TORONTO — A drug used for livestock deworming has attracted a different herd — humans who believe it could be a cure for COVID-19, despite no concrete proof and warnings from health agencies.
Ivermectin has been around for years, used to fight parasitic infestations most commonly in large animals such as horses or cows.
But now it’s being touted by some as a way to prevent or cure COVID-19, in a wave of misinformation that has led to confusion among veterinary retailers and attempts to correct the record by health experts.
Although there is a version of ivermectin cleared for use humans, an oral pill that can be prescribed to treat parasitic infections such as head lice, scabies or “river blindness” (onchocerciasis), it has not been proven to fight COVID-19 or approved by Health Canada or the U.S. Food and Drug Association (FDA) for this purpose.
Still, in the U.S., ivermectin use has skyrocketed, with 88,000 prescriptions filled per week in mid-August.
And those who can’t get a prescription are taking the agricultural route, where a dosage meant for cows and horses — animals that weigh significantly more than humans and have completely different physiologies — creates a real possibility of poisoning.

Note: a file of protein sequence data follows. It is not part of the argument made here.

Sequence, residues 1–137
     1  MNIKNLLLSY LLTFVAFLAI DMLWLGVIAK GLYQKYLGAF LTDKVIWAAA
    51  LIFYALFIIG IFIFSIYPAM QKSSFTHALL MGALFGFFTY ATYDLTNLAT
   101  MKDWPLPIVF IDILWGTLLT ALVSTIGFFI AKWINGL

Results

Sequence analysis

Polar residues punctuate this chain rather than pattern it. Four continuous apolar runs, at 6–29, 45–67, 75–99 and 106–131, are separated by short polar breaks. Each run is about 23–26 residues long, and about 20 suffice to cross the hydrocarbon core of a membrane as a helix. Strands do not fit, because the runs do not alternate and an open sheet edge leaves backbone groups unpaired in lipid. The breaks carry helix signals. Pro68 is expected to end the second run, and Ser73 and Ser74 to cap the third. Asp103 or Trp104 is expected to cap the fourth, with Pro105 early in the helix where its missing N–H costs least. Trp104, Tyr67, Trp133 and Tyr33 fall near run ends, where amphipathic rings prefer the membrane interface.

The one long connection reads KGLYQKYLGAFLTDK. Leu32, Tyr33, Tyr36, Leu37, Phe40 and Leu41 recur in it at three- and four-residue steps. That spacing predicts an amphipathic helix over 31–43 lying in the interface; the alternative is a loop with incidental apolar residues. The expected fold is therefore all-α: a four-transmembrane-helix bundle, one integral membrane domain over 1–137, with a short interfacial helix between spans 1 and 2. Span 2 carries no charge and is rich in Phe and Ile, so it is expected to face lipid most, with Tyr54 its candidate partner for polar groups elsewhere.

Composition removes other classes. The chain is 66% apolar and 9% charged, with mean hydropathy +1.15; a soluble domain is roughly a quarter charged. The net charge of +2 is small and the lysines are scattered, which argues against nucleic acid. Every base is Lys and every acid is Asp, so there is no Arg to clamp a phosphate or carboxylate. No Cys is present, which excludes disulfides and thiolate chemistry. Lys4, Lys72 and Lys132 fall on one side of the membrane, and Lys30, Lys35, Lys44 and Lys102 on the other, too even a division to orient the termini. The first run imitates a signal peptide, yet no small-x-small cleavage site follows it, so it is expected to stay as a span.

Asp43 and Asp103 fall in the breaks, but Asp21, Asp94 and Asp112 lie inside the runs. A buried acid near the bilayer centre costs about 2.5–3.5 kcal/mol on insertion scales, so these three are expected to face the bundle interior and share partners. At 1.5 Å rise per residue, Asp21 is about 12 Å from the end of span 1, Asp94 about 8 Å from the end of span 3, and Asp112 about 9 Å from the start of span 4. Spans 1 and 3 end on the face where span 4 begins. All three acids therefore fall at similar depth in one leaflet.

Glenn Miller, with Anola Feed and Farm Supply told CTV News that they’ve had an increase in people inquiring after the veterinary version of the drug.
“People are asking and it’s clear they’re not horse people,” Miller said.
Some retailers are refusing to keep ivermectin on their shelves to prevent this.
“We are an animal feed store,” said Lance Olson, of Lone Star Tack and Feed. “We don’t cater to medications for humans. That’s not something we can even touch.”
Reports of humans consuming medication designed for animals and requiring medical attention afterwards has forced health agencies to post warnings.
Health Canada posted an alert on Tuesday warning the public that consuming animal health products could be seriously dangerous.
“Canadians should never consume health products intended for animals because of the potential serious health dangers posed by them,” the alert stated.
“The veterinary version of ivermectin, especially at high doses, can be dangerous for humans and may cause serious health problems such as vomiting, diarrhea, low blood pressure, allergic reactions, dizziness, seizures, coma and even death.”
The U.S. FDA posted a tweet on Aug. 21 urging people to stop taking ivermectin intended for animals.
“You are not a horse,” the tweet read. “You are not a cow.”
According to the National Poison Data System, which aggregates data from poison control centres in the U.S., there was a 245 per cent increase in reported exposure cases to ivermectin from July to August.
A manufacturer of ivermectin, Merck, even came forward back in February to say that they have found no scientific basis for using their product to fight COVID-19.
Ivermectin is prescribed to humans with applicable parasitic conditions based on factors including weight, medical history and how they respond to treatment, making it dangerous to take a dosage level that hasn’t been prescribed.